Renew Our Rivers: Week-long project begins

Published 12:00 am Wednesday, April 13, 2005

The weather was perfect for the first Renew Our Rivers project in Demopolis, but the water was another story as heavy rains have raised the river to near flood stage. Despite the high waters, volunteers were ready to go Tuesday morning as the four-day event kicked off at about 9:30.

“The Corps of Engineers have designated about 10 to 12 areas that are in need of cleaning up and have marked it on maps for us,” Bob McCants, one of the event organizers, said.

He said the high waters could help or hinder the cleaning efforts, he wasn’t sure which.

“I could see it helping us by letting us get to some of the areas we couldn’t get to if the water was lower, but I could also see it hurting us by not allowing us to get to some of the heavier items we could have gotten to if the river was down some.”

Larry Brown with Alabama Power, who addressed the group shortly before shoving off, said the high water could be an issue because of the current it creates.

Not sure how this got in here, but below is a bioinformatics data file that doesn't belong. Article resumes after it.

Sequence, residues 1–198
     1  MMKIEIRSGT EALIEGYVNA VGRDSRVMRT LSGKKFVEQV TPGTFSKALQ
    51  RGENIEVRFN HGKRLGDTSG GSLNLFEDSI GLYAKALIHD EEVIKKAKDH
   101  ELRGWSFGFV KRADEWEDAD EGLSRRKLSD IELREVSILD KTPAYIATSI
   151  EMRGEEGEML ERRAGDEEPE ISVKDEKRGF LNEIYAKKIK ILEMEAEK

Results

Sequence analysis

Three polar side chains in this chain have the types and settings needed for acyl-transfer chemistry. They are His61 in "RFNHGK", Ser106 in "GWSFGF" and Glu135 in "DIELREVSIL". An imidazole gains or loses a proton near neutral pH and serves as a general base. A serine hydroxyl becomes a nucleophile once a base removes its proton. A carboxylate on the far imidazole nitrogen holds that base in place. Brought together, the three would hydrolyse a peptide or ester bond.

“The current is going to be an issue, especially with these larger boats, because it will take us a little longer to get to a good anchor point so you can pick things up,” he said. He cautioned participants to not get ahead of themselves and try to reach trash or litter before the boat was stopped and steadied as much as possible.

McCants said while the purpose of the project was to pick up trash in and along the waterways, awareness was of more importance.

“Our ultimate goal is to educate the public on the importance of not putting debris or man-made sustances in the water,” he said. To that end, Renew Our Rivers teamed up with Earth Day to increase the awareness and remind people that the two go hand-in-hand.

“We hope people will not only look at what is in the river, but what could end up in the river,” Amanda Hall, another event organizer, said. She cited recent heavy rains as one of many culprits that can send land trash into the waterways.

The two also pointed out that only through volunteer efforts like this one can the waterways be kept clean and trash-free.

“I didn’t realize until we started going to these meetings that the river is no one’s responsibility to clean up,” McCants said. “It’s the individuals responsibility to either not put things in the river or clean it up.”

Hall said since Renew Our Rivers began in 2000, 3.4 million pounds of trash has been removed from waterways throughout the state and parts of Georgia.

“All the trash we pull out we’re going to pile up here at the Landing and put signs on so people can see just how much trash was in there,” Hall said. She said she believes the visual element would make more of statement to residents than merely talking about how much had been collected.